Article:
Why pseudoscience? Most students view the traditional topics of general chemistry as dry and boring. The usual highlights in general chemistry books on how household bleach or dry cell batteries work are not very exciting for students or instructors. There is also rarely any ethics training associated with introductory courses in the chemical sciences. In an attempt to resolve these deficiencies, I introduced the concepts of pseudoscience and the investigation of anomalies into the curriculum of second-semester general and analytical chemistry courses at Mount Saint Mary's College during the spring semester of 1996. While the investigation of the unusual and the unknown has sometimes led to great scientific discoveries, it has more often led to great embarrassments. The appearance of scientific anomalies most often results from a misunderstanding of scientific principles, and culminates in what is termed "pseudoscience", "pathological science", or "deviant science". A study of the experimental procedures and motivation of the researchers in cases of pseudoscience can be extremely instructive, and fits in quite well with traditional topics in general and analytical chemistry, such as pH, chemical kinetics, intermolecular bonding, colligative properties, atomic structure, electrolysis and trace element analysis. Students can learn how to properly approach a scientific problem in a critical, but open-minded manner, thus avoiding pseudoscientific pitfalls. They learn that the real scientific discovery is not heralded by the cry "Eureka!" (and the press conference), but by the murmur "that's strange?" Here is science at work, for both good and bad, with a strong moral and scientific message. Scientists are people and people make mistakes. What separates the scientists from the pseudoscientists is the ability to recognize and admit error.

While the examples of pseudoscience are a very small portion of these traditional courses in general and analytical chemistry, they will undoubtedly be some of the most memorable particulars that the students recall in future years. And if the examination of scientific foibles by these students helps to avoid future cases of pathological science on their part, we have gained much with little investment.

Hugh M. Cartwright
Physical and Theoretical Chemistry Laboratory, Oxford University
South Parks Road, Oxford, England OX1 3QZ


In any university, computers are crucial tools for the teaching of chemistry. There is widespread agreement that computers can perform a vital role in developing student understanding, but less universal agreement on what that role should be. At one extreme, computers may be used as fast calculators, or to run spreadsheet macros or Basic programs. At the other extreme, they may drive complex, interactive simulations, perhaps taking advantage of multimedia or the Internet.
The versatility of the computer permits a wide range of uses. For example, their speed makes them ideal tools in the acquisition and analysis of experimental data; their memory makes make them powerful bibliographic search engines. However, one can argue that in neither role does the computer actually do much to help students understand the underlying chemistry. Instead, it amplifies and illustrates whatever understanding the student already possesses. Spreadsheets may help in the assessment of chemical data - and this is undoubtedly a valuable role - but, when using them, students' data massaging skills may develop at a faster rate than their chemical understanding.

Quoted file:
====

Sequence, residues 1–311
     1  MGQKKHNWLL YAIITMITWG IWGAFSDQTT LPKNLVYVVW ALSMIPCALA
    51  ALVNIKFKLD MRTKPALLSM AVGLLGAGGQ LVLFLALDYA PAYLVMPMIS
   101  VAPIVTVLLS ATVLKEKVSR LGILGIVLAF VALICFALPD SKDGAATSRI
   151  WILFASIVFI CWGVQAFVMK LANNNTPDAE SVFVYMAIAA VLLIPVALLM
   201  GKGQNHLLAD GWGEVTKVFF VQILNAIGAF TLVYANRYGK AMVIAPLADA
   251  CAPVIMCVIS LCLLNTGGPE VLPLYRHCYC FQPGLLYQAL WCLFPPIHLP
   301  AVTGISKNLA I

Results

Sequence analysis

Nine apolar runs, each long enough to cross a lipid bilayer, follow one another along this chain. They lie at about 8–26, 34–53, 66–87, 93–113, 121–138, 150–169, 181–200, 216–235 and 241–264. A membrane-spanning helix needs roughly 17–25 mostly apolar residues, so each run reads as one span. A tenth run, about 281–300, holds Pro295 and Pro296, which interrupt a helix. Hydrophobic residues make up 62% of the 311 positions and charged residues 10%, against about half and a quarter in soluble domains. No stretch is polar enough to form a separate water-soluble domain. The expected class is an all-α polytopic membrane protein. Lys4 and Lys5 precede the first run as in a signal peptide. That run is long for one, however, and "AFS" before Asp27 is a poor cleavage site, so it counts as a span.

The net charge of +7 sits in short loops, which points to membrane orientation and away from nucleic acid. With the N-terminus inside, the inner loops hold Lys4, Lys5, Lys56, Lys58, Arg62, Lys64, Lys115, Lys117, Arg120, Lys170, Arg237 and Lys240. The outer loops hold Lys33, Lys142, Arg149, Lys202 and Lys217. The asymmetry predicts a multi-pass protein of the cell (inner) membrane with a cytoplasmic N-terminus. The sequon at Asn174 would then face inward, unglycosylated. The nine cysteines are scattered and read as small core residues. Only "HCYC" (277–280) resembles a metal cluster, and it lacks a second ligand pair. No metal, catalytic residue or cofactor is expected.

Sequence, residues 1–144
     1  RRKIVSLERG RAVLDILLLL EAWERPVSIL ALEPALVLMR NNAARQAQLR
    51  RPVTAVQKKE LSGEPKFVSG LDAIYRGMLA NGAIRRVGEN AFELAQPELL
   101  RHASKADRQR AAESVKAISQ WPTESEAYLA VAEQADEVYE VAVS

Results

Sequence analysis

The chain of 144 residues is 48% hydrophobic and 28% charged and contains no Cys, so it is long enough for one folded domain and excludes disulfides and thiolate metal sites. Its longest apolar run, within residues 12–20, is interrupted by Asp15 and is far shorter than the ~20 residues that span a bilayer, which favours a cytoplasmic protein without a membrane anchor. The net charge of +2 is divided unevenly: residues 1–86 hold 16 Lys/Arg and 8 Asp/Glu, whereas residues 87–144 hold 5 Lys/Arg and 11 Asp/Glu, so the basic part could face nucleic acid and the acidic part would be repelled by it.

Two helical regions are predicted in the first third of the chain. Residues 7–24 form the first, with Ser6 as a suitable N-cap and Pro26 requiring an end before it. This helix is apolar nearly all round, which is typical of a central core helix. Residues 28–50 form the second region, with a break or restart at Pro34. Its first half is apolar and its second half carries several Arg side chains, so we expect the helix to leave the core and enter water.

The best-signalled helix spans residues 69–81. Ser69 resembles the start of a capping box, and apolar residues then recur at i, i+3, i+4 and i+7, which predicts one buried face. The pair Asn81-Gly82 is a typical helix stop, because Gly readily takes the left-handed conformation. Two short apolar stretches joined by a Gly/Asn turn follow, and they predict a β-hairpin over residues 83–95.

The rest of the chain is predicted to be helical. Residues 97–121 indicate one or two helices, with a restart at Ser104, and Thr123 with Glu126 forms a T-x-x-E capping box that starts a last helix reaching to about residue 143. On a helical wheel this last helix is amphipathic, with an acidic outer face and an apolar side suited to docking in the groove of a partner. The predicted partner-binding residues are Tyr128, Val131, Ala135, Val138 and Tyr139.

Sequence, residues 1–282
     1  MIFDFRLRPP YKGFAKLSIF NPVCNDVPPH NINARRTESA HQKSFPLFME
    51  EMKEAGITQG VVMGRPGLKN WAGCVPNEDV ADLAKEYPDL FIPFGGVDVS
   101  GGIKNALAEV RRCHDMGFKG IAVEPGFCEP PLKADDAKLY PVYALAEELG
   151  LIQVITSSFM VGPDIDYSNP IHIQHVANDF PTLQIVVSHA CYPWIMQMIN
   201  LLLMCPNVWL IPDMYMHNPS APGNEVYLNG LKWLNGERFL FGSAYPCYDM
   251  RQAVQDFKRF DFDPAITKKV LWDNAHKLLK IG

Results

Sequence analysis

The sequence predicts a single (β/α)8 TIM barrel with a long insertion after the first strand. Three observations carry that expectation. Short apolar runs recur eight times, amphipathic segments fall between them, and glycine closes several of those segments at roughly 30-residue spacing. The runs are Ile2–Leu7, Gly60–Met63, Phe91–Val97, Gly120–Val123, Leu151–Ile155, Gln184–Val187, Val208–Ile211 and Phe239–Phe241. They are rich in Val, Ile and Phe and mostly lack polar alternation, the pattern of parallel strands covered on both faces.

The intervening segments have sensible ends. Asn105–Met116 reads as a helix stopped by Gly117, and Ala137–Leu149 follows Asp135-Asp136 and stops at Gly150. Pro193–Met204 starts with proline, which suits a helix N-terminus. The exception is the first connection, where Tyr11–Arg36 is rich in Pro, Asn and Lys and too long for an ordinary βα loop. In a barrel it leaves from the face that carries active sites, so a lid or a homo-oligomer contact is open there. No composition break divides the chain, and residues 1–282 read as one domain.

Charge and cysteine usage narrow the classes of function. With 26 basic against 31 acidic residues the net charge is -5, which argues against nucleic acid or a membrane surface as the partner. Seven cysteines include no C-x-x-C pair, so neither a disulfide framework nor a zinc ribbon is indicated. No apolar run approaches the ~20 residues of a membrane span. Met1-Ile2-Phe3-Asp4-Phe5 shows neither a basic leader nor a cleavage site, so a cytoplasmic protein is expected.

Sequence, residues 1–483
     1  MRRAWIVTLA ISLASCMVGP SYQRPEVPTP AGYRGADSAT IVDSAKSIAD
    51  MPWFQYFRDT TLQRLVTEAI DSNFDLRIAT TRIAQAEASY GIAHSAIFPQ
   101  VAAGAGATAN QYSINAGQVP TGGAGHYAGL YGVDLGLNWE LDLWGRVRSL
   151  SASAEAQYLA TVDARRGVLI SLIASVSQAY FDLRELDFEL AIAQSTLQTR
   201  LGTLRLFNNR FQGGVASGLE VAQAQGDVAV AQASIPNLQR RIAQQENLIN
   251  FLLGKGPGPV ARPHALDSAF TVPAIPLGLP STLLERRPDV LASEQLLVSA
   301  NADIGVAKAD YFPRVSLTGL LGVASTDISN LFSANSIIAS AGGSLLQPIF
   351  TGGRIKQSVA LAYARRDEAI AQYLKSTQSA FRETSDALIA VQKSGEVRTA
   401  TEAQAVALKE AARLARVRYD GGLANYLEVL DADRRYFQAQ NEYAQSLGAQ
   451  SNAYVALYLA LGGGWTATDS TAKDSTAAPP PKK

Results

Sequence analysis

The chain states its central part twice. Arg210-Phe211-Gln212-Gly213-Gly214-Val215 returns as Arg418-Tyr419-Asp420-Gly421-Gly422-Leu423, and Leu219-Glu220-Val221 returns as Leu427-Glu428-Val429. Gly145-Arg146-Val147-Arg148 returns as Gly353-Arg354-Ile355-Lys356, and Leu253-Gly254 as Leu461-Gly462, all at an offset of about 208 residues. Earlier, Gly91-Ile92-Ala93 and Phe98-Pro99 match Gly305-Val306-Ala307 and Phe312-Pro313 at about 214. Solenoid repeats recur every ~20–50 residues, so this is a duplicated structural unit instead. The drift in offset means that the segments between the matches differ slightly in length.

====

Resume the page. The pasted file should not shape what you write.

As the power of computers increases, the range and complexity of chemical systems that can be simulated increases in proportion. It is now possible to routinely simulate in real time the interactions among several hundred (small!) molecules in the gaseous or condensed phases. Such simulations intrigue and stimulate students, and, if carefully designed, are effective teaching tools also. The recent dramatic growth of Internet applications employing Java provides new opportunities for chemists to provide such simulations to their students. Those chemists who might previously have been reluctant to face the trials of working with X and Motif, can now develop professional-looking, effective simulations and make them available, through the net, to a wide
As a consequence both of the increase in computer power and of the development of Java, chemical simulations and graphical applications of all types are appearing at a considerable rate. However, allowing
students to simulate a chemical process does not guarantee enhanced student learning.

This paper argues that simulations in which a mathematical description of natural phenomena can be derived from the behaviour of a physical system have notable advantages over those in which the
mathematical description is the basis for the simulation itself. We shall discuss simulations of both the "mathematics-rich" and "mathematics-lean" variety, and consider the advantages each may offer.
Suitable on-line links are provided.

Cory Emal
Tanya Johnson
Paul Kelter
Department of Chemistry, University of Nebraska
Lincoln, Nebraska 68588-0304


In the midst of the frenetic international development of Web and CD-ROM materials, we have chosen to step back in time to an era when personal interaction was prized and the desire to develop chemistry understanding in our students included the "real time" exchange of ideas in small groups. The result, the undergraduate-led "Supplemental Instruction" (SI) program, is a program that teaches students how to learn chemistry, rather than being a tutorial session. The program has been proven successful on the basis of student test scores and attitudes toward chemistry. In this paper, we describe the successes and future challenges of small-group SI in large lecture classes.